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I have some activated charcoal pads or small "pillows" that can be used to adsorb odors and chemical fumes from different materials.

The instructions say to put them out in sunlight to reactivate them once they have been used for a while.

What is the mechanism whereby sunlight is able to reactivate the charcoal?

I tried googling but could not find a definitive answer. I ended up assuming it must be just heat that forces the gasses trapped in the charcoal to come loose and evaporate, thereby restoring some of the adsorption potential. Is that the mechanism or what is the sorcery going on here?

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Your guess is right: the mechanism of charcoal regeneration is undoubtably temperature-induced desorption. Gas molecules are adsorbed on the large surface area of activated carbon by a mechanism of physisorption (or physical sorption) caused by weak nonspecific interactions (van der Waals forces) between gas molecules and the carbon surface. Unlike chemisorption, this process is reversible and, since it involves only weak interactions, it can actually be reversed by relatively small increases of temperature.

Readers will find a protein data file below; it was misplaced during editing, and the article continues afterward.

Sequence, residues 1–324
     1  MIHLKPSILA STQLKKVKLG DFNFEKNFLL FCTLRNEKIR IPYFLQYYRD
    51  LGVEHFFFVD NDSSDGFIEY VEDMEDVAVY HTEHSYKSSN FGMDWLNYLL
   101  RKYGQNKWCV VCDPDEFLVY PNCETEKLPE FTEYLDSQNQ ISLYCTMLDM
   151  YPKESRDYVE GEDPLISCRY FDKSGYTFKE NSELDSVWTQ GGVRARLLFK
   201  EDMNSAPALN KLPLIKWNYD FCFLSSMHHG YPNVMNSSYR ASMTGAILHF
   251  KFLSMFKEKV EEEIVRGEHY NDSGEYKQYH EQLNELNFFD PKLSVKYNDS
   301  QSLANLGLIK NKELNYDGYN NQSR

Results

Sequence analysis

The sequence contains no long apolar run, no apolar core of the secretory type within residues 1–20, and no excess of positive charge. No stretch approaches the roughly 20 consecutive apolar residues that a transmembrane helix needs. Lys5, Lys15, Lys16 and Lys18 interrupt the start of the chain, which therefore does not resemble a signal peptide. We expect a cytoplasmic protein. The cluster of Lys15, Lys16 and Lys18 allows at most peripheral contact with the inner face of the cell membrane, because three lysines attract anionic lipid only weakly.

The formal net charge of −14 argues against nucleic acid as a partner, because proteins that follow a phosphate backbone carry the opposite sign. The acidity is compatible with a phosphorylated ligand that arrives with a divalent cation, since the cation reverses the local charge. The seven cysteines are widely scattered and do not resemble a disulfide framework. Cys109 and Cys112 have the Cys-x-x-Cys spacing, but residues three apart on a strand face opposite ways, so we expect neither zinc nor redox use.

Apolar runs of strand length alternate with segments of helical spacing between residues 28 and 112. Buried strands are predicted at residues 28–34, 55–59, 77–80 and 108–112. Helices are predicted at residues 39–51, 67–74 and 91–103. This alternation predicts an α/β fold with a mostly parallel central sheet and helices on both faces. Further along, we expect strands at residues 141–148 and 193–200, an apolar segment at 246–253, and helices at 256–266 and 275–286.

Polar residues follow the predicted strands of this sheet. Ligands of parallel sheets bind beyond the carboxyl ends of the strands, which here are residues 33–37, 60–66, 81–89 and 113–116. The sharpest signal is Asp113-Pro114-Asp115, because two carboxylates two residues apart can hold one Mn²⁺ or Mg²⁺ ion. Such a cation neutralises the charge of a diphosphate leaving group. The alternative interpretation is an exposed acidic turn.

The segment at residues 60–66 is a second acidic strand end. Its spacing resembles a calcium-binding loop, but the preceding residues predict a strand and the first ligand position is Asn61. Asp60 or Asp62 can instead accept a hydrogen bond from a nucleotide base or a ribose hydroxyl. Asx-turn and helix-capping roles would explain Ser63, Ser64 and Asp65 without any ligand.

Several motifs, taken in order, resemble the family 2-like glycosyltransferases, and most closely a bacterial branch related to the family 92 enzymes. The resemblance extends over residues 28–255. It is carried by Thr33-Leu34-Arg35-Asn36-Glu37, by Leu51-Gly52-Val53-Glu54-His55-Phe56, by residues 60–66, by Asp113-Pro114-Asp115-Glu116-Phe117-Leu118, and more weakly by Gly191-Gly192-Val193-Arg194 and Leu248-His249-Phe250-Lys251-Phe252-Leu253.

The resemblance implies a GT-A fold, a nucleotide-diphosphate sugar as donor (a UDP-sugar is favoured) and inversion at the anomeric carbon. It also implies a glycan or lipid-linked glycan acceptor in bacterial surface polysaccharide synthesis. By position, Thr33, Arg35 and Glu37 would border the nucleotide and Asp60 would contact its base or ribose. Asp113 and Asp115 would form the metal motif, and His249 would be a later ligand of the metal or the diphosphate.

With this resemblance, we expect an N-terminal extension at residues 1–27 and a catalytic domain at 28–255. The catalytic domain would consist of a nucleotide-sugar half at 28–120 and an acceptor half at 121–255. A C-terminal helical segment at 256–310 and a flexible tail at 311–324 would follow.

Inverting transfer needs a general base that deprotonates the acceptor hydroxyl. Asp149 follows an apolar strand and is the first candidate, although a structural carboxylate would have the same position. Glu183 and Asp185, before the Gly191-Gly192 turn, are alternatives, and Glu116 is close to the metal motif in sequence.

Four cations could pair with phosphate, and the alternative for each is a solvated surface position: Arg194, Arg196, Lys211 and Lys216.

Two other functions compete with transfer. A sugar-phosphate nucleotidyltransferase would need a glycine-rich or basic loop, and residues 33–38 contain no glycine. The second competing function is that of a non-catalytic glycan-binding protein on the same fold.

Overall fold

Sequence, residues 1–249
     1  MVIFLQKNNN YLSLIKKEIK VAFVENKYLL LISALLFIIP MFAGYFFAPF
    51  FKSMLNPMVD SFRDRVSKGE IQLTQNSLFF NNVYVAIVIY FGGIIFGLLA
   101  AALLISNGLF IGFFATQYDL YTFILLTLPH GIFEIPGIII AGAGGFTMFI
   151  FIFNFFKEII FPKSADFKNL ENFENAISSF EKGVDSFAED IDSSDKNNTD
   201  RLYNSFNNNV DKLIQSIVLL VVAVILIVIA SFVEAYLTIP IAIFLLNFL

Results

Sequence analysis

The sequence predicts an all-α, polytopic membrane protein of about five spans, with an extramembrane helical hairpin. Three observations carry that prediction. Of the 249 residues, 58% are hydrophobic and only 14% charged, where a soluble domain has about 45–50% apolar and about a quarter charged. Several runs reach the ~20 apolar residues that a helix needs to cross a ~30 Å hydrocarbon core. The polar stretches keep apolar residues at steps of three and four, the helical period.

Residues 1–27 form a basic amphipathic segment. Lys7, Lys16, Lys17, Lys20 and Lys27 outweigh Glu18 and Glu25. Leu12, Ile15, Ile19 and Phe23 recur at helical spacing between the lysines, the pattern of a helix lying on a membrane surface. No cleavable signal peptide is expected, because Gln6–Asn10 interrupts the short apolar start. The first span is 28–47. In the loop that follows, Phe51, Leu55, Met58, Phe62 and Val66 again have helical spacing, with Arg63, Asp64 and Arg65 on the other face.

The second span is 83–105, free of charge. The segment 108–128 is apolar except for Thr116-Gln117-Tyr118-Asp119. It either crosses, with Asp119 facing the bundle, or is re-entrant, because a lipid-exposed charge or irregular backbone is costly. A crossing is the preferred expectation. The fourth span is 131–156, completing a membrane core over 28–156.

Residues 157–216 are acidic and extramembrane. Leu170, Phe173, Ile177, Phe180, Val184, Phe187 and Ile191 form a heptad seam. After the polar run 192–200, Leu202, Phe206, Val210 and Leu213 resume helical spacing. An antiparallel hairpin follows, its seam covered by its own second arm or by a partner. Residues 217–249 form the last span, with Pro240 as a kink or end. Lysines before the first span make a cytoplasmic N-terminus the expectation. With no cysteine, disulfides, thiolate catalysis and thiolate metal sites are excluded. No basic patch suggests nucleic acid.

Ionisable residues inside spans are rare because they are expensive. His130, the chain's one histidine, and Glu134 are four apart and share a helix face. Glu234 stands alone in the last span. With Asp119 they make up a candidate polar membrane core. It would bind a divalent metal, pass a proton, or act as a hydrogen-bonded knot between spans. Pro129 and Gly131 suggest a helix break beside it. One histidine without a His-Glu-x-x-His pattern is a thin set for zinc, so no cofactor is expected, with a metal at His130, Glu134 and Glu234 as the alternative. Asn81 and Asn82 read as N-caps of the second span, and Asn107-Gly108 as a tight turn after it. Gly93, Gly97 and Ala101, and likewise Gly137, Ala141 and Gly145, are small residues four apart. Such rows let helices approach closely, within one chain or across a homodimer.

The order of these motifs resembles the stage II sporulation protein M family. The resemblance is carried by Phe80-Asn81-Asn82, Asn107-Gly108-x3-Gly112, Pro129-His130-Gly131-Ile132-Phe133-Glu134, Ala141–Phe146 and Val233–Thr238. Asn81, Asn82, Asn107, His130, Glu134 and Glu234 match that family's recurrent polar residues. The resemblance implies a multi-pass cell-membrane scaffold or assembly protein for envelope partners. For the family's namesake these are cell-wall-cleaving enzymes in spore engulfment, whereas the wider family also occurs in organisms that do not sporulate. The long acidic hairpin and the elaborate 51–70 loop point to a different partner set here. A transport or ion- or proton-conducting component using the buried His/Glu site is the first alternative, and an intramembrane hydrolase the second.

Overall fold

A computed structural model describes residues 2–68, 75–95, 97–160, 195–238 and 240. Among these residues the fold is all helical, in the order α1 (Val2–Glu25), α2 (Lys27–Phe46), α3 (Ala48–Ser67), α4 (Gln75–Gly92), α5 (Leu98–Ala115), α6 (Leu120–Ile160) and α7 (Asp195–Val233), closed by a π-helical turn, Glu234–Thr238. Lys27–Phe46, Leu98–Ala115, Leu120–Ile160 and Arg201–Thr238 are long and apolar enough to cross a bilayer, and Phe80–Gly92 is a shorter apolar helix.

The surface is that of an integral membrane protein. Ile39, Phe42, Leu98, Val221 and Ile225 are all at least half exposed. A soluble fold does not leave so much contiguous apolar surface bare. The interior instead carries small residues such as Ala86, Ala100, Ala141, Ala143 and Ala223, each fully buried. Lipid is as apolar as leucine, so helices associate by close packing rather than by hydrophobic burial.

Wikipedia gives a specific example:

The activated carbon can adsorb a large amount of methanol vapours in ambient temperature and desorb it at a higher temperature (around 100 degrees Celsius). During the daytime, the sunshine irradiates the collector, so the collector is heated up and the methanol is desorbed from the activated carbon. In desorption, the liquid methanol adsorbed in the charcoal heats up and vaporizes.

You will surely notice the resemblance between this text and your case.

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  • $\begingroup$ Would it be reasonable to assume that any heat source could regenerate charcoal? $\endgroup$ – mikewaters Feb 9 '18 at 13:16
  • $\begingroup$ @F'x The example from wikipedia seems to have disappeared. The exact paragraph is here. It also seems to show up verbatim in a bunch of online encyclopedias without a source, so I don't know where it was from originally. $\endgroup$ – Tyberius Aug 10 '18 at 21:27

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